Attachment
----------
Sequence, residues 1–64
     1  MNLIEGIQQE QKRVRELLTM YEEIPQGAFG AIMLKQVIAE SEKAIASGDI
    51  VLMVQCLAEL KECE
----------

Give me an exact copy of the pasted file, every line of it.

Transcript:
Sequence, residues 1–64
     1  MNLIEGIQQE QKRVRELLTM YEEIPQGAFG AIMLKQVIAE SEKAIASGDI
    51  VLMVQCLAEL KECE